“It’s just so hot!” Attempting to avoid a summer heatwave on her drive up to Birmingham, Katie Sadleir is bubbling with excitement. Just days before the opening of the Games, Katie, the CEO of the Commonwealth Games Federation, is busy reviewing Covid practices for late entry arrivals and preparatory workshops for para athletes, as well as overseeing the launch of the Commonwealth Pride House, and with the Commonwealth Sports Ministers’ conference. It is clear she is firmly invested in her organisation’s strapline ‘Sport is just the beginning’.
“I mean, it's central and its core and it's our reason to be. But it's what happens as a result of those conversations in sport - the trade programmes, the huge legacy stuff… that whole series of significant stakeholder opportunities that wrap around making the most of the Games in terms of forging relationships beyond this period”, she says. For Katie, the true buzz of the Commonwealth multi-sport environment lies in what this “multicultural hothouse… does to actually grow people”.
An Olympian and a Commonwealth medallist herself (she won bronze for New Zealand in solo synchronised swimming at the 1986 Games), Katie’s stellar career could equally be described as ‘multi-sport’. In NZ, she held a range of leadership positions in national sport policy, including leading the establishment of the NZ Academy of Sport, holding numerous directorships in elite sport, and launching significant cultural and governance initiatives in Wellington. These contributions led to a Lifetime Achievement Award by Sport New Zealand in 2016, before she headed off overseas in her fifties on what she dubs her ‘Big Girl Adventure’ - shifting to Dublin with World Rugby to take on the role of global manager for the women’s game.
Katie had thought she might move back to New Zealand after the Women’s Rugby World Cup is held there this year, to the home she has kept on the Kapiti Coast. “But when this Commonwealth Games job came up, I just thought, how can I not put my name in the hat for this?” she says. Born in Scotland, growing up in Canada, with an Australian father, a South African grandfather and Irish roots, Katie moved to New Zealand at sixteen and has been at seven Commonwealth Games in various capacities, including as Assistant Chef de Mission for New Zealand at 1994 Games in Victoria BC, Canada, “so I call myself the Commonwealth Kid”, she says. In November 2021 she became the first woman to head the Commonwealth Games Federation.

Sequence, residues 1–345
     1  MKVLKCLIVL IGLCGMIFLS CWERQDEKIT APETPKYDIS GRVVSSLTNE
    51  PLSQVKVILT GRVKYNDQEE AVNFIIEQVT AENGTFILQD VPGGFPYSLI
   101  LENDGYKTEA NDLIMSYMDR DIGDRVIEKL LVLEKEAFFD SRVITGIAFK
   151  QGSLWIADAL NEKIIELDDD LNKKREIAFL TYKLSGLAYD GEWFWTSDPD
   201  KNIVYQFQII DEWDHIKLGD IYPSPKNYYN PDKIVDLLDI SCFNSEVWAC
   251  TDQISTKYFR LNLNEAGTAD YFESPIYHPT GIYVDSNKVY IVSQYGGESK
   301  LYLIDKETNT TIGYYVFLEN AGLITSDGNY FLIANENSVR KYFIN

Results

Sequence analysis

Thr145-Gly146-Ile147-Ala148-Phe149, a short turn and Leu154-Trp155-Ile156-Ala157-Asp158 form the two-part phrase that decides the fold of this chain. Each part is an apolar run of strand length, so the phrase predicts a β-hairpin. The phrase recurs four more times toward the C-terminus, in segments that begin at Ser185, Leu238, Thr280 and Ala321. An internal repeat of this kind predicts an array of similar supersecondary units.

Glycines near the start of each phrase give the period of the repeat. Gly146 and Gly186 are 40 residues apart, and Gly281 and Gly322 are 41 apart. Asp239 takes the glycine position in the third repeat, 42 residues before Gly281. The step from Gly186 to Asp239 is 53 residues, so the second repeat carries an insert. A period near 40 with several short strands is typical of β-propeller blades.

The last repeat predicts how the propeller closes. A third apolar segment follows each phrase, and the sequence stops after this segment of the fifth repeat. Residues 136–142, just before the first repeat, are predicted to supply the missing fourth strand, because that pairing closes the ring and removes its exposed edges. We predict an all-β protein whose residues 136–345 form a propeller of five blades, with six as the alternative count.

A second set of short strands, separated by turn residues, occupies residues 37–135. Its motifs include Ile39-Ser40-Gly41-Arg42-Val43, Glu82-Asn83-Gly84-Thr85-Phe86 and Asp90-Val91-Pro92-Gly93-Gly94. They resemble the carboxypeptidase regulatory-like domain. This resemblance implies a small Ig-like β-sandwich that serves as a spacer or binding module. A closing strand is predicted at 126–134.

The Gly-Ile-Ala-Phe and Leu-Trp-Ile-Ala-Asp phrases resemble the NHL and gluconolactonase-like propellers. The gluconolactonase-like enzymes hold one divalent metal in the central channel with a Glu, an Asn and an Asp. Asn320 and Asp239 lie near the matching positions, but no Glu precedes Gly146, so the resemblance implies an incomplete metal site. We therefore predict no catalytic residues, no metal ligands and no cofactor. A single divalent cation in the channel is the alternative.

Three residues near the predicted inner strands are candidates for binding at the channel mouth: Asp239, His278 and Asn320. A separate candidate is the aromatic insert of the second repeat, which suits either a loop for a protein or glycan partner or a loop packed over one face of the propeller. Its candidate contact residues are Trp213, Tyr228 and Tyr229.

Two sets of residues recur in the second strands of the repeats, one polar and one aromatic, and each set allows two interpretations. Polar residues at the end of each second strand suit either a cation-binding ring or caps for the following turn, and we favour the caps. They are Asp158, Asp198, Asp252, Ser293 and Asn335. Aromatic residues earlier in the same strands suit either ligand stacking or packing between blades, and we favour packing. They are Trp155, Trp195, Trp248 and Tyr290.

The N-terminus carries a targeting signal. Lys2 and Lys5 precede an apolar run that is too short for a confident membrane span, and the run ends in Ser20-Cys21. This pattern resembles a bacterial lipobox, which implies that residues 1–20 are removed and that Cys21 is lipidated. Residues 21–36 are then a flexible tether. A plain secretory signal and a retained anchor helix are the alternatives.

Katie’s passion for blendinghigh performance sports with the creative arts and stakeholder communities has always drawn her to organisations that use sport for social change. She agrees that Covid has shaken us up to think in different ways about how we do things. While valuing its deep sporting traditions, her aim is to make the Commonwealth Games “attractive to hosts and fans in what is an ever-cluttering international sports market… making sure that we are relevant and relatable”, particularly to the large numbers of under-30s throughout the Commonwealth. She was a key driver in securing the regional hub format of the next Victoria Games in Australia, with other innovations including the establishment of an athlete advocacy framework which actively supports Commonwealth athletes to use their international profile to champion causes which are important to them. “I come from New Zealand, and we like to think creatively, and we certainly like to understand what great practice is, and not to copy it, but to actually take it the next step,” she says.
Her forward-thinking approach continues to draw strongly on New Zealand’s innovative talent base and the professional networks she developed there. She believes strongly in relationship-building, and has enjoyed connecting with the New Zealand Business Women’s Network in London. For those looking at a move to the UK, Katie advises not to wait until you get here, but to “start thinking early about how your network is going to support you and open up doors for you” before you even leave the country. In order to drive significant transformation on an international stage, Katie found she needed to foster new connections and quickly expand on what she called her "Little Black Book on Steroids".
Katie is active in the professional networks that link Kiwis in sport leadership positions around the world and is also committed to mentoring up-and-coming talent from home. “The great thing about New Zealand leaders is that they really are authentic. It’s something we should cherish,” she says. Katie feels that value-based leadership is a distinctive strength of Kiwis working abroad. “It can be easy to move into these larger global organisations and think you need to change and adapt to the different environment, and one of my messages would be ‘Don’t! Don’t do that!’ Stay networked with New Zealand, be who you are, be true to your values, hold that close to you - and continue to shine!”
You can connect with Katie on LinkedIn.